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Flash Review 3, 10-24: The Mediums are the Message
Guerin in the Mix

By Chloe Smethurst
Copyright 2003 Chloe Smethurst

MELBOURNE -- The Melbourne International Arts Festival, which opened earlier this month, has revealed the recently completed Australian Center for the Moving Image as a fresh new space for dance film screenings as well as live performances. Bringing new audiences to the venue has been "Plasticine Park," choreographed by Lucy Guerin and designed by Patricia Piccinini and others, and which aims to explore the relationship between the body and the silver screen. While perhaps seeming odd at first, the Screen Gallery inside the center was actually a very conducive space for exploring this collaboration between visual artists and dancers. When I viewed the work on October 16, the performances given by the dancers were sharp and clean, while the film work was engaging and purposeful.

The premise for the piece is quite interesting -- to make a work where the images on the screen and the live performers 'interact' to create a fully integrated performance. In this, Guerin and Piccinini have ultimately succeeded. Neither element of "Plasticine Park" could exist successfully on its own, but together, the dance and specially commissioned film pieces fit snugly together, bringing depth and complexity to the work.

Comprising of a series of eight solos, the performance moves between different worlds, as created by the images on screen and the costumes of the performers. Some are quite realistic and based in the natural world, as in the two solos performed by Kyle Kremerskothen and Kirstie McCracken, "Reservoir of Giving 1" and "Reservoir of Giving 2." David Rosetsky was the visual artist working on these sections, which are set in a designer-style bedroom. Filmed projections of Kremerskothen moving around the room are played on the screen while McCracken performs her solo, and vice-versa, developing a strong relationship between the performing body and the filmed. This complex situation is heightened by recorded voiceovers about a flawed relationship, building a tension between the two realities.

The sections which feature Piccinini's work are set in a very different realm, inhabited by strange and at times frightening flesh-colored organisms which are not quite human, but not very far from it. In the first solo, entitled "The Keeper," the relationship between the dancer and the screen is more subtle and implied than in other parts of the work. Here we see Sally Gardner, costumed in a white plastic suit somewhere between that of a beekeeper and an astronaut, involved in a minute sequence of hand gestures. Meanwhile, in the background, Piccinini's creation is birthing an endless supply of floating polyps. This other-worldly feeling is continued in "The Gathering," performed by Stephanie Lake as the final solo of the evening. Beginning at the very back of the long gallery space, Lake is costumed in a similar mode to that of the protuberances on screen. Bulbous, hanging, fleshy bodies with chattering mouths begin to jiggle and squirm as the large screen rolls toward the audience. Here the relationship is again blurred; is the dancer part of their world or ours?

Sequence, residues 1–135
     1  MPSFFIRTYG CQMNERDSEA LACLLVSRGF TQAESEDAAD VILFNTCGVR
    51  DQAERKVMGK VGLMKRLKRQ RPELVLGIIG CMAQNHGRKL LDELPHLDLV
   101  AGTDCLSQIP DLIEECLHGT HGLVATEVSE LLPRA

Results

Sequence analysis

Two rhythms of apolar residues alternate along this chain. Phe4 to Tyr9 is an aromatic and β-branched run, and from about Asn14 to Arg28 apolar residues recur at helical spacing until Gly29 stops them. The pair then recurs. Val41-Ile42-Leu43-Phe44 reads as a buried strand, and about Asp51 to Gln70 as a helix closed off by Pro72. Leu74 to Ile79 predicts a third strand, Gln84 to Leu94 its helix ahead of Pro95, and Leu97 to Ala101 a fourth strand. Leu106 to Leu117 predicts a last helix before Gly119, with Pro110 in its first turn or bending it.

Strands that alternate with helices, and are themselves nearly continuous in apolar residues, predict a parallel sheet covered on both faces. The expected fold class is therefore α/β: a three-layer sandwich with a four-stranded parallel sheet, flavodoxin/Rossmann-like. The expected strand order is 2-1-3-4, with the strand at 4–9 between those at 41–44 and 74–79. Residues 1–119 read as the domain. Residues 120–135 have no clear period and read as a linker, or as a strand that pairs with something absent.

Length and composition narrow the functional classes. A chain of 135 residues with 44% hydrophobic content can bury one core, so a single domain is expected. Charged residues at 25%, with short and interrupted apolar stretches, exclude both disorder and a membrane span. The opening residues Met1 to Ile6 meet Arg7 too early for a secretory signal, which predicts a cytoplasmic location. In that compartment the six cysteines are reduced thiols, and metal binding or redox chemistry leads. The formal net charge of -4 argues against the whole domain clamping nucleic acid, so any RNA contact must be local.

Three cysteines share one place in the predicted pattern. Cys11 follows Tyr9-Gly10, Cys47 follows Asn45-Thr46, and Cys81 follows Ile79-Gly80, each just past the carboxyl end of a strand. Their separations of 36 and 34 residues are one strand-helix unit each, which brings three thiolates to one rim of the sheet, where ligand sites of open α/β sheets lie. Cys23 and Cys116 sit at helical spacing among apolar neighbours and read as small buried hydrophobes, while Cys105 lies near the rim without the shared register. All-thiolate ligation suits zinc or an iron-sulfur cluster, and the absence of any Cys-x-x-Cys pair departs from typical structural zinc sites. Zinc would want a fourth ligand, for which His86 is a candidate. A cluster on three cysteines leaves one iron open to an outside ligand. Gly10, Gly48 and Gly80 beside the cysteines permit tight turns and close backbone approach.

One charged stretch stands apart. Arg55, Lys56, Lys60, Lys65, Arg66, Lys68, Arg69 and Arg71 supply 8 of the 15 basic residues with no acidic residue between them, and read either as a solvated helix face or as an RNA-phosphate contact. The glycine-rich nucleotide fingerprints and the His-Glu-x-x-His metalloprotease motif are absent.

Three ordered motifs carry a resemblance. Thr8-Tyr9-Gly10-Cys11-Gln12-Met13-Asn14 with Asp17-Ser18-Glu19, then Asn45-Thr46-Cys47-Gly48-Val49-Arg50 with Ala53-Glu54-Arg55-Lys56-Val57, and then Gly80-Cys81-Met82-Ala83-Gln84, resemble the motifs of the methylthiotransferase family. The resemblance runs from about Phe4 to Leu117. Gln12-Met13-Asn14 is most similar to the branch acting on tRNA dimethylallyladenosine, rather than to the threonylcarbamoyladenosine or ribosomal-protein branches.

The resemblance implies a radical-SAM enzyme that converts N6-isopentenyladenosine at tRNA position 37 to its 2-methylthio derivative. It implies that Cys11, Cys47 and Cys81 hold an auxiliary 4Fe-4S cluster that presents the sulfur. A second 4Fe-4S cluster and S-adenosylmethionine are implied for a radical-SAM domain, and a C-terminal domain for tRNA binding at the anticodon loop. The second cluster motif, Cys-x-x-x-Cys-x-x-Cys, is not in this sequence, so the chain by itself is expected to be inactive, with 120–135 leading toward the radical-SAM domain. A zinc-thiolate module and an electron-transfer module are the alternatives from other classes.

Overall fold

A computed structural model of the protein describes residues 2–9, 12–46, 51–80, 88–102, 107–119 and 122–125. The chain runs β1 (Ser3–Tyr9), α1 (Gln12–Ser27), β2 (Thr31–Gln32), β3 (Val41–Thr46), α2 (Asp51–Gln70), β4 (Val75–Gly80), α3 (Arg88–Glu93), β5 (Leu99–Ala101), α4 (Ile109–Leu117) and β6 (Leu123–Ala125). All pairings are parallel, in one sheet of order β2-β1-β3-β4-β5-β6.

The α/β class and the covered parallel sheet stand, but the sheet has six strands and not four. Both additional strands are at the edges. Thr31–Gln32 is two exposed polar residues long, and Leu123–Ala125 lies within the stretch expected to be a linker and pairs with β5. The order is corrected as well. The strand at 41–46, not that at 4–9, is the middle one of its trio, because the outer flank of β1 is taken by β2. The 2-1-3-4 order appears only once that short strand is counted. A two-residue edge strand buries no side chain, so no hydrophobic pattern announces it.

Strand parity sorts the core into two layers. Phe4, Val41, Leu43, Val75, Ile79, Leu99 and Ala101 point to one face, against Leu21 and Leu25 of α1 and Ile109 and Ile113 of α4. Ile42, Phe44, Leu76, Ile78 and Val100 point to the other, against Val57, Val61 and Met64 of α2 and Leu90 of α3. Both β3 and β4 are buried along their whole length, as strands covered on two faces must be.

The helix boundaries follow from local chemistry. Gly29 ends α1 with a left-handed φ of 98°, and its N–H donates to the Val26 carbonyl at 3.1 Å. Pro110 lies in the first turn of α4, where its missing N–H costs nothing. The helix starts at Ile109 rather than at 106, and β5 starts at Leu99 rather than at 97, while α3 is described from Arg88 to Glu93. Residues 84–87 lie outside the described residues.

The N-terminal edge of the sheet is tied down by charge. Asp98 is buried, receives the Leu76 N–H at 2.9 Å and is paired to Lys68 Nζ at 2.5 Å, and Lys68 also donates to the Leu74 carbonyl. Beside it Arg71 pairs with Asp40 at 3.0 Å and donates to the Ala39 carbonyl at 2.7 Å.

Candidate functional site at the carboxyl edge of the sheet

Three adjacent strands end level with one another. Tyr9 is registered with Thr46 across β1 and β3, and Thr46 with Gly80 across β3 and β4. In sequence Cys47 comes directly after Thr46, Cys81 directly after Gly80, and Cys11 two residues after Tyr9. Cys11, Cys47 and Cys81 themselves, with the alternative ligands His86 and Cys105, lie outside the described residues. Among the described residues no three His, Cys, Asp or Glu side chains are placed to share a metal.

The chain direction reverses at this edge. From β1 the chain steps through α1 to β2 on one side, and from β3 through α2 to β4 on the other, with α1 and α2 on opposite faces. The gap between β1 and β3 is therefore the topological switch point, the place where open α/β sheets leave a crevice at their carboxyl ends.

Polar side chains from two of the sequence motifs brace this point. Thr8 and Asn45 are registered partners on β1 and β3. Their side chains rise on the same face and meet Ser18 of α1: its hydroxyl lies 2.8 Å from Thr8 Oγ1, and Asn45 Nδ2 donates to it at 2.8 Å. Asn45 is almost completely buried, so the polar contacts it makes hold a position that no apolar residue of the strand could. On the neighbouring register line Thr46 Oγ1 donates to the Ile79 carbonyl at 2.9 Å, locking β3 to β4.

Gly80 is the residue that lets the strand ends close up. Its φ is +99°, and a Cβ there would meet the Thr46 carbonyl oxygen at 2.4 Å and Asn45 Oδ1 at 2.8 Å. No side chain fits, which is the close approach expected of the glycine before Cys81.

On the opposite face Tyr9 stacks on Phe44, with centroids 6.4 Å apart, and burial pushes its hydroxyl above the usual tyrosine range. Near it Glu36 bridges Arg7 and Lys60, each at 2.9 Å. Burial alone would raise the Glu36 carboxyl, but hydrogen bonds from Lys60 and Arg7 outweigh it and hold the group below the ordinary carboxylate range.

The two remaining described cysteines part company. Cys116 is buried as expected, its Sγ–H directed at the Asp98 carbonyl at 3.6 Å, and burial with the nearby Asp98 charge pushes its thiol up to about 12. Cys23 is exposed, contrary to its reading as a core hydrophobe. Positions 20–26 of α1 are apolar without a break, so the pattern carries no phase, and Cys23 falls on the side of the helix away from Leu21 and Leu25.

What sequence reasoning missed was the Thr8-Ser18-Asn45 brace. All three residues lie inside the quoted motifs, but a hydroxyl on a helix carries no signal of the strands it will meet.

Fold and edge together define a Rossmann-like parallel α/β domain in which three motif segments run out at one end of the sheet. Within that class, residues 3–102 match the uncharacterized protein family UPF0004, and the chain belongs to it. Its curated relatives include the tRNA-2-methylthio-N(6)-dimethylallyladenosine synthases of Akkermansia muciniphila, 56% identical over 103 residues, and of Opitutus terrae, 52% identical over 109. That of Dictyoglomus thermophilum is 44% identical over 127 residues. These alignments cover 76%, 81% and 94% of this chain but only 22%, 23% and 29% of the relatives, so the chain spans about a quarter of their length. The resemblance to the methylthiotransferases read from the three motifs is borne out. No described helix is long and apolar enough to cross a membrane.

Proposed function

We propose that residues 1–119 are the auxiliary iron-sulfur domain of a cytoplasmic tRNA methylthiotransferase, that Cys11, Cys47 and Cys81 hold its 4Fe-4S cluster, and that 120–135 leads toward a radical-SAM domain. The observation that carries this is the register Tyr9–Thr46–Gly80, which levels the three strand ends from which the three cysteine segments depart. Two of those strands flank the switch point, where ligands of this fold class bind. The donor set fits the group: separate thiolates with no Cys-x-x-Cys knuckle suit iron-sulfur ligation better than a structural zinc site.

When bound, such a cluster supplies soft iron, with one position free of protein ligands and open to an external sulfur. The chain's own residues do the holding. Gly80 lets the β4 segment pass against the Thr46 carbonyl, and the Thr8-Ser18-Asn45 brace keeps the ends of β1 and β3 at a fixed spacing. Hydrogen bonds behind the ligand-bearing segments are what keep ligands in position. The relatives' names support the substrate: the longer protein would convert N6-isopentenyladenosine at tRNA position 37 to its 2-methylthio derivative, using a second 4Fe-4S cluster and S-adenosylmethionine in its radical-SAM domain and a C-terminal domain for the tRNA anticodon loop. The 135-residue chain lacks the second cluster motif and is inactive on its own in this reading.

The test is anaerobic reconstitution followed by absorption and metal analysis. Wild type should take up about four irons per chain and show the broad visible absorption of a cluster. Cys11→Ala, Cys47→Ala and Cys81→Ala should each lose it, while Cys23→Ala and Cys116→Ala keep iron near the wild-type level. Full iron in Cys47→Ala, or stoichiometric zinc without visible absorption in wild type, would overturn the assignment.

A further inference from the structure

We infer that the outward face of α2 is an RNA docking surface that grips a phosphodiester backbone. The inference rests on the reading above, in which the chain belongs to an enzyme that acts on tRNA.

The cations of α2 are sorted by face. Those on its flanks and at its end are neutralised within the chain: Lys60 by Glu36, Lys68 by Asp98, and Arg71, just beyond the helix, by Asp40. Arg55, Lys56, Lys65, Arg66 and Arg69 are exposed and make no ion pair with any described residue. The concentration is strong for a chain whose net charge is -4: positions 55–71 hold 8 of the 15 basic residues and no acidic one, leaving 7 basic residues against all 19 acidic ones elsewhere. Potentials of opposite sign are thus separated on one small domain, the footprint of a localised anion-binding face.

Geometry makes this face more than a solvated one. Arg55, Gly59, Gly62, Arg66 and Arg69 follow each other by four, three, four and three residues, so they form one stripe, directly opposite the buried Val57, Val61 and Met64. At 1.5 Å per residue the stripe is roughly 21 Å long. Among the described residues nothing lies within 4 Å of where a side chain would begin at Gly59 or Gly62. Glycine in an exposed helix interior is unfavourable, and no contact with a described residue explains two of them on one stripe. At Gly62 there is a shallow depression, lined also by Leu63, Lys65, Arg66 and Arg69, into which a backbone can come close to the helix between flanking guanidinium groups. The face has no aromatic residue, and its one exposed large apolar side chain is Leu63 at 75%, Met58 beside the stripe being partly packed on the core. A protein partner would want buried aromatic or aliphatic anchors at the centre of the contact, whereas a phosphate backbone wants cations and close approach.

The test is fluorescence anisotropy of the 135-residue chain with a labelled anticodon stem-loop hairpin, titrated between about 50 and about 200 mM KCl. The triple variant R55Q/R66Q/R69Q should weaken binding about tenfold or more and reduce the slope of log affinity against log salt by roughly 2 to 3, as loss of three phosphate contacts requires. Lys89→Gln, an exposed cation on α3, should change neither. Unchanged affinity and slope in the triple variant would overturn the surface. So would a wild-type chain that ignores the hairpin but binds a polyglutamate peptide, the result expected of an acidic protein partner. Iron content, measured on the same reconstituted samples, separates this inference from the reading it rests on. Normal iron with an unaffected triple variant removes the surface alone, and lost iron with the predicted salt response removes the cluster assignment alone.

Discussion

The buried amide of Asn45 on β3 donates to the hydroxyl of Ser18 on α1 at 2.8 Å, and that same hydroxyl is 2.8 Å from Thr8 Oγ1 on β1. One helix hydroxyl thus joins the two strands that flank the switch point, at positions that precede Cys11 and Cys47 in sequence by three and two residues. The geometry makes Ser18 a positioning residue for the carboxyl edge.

Different again is the visual art work by Stephen Honegger, which, when projected onto the big screen creates a digital world for the dancers to inhabit and interact with. In fact, it is one of the pieces which Honegger collaborated on, "Create Grid," danced with great precision by Brett Daffy, which is possibly one of the most successful in "Plasticine Park." The way the 3D grid on screen moves with the performer is mesmerizing, while the choreography takes on mechanical, almost digital elements, forging a strong link between the two. Unfortunately, this section is placed at the far end of the gallery, distancing the work too much from the audience. This meant that some of the detail was lost, leaving the audience disconnected from the performance.

While a change in pace was created by the light-heartedness of "Thermogenic Muscle Detonator" and "A New Attitude," where an animated, cartoon-like figure, drawn and animated by Laresa Kosloff, imitates and occasionally appears to dance with Trevor Patrick and Rebecca Hilton respectively, the comic, character-based choreography seemed too flimsy in comparison to the strength of the other sections.

The choreography in the solos, all by Guerin, was very strong overall, and obviously suited to each of the individual performers' styles. Piccinini's visual work was fascinating, and although the other artists' contributions were excellent, her pieces were truly outstanding in terms of their artistry and transportive qualities.

"Plasticine Park" is a remarkable example of how dance can relate to and enhance other mediums. Each of the elements was crafted in consideration of the other, but without comprising the integrity of either.

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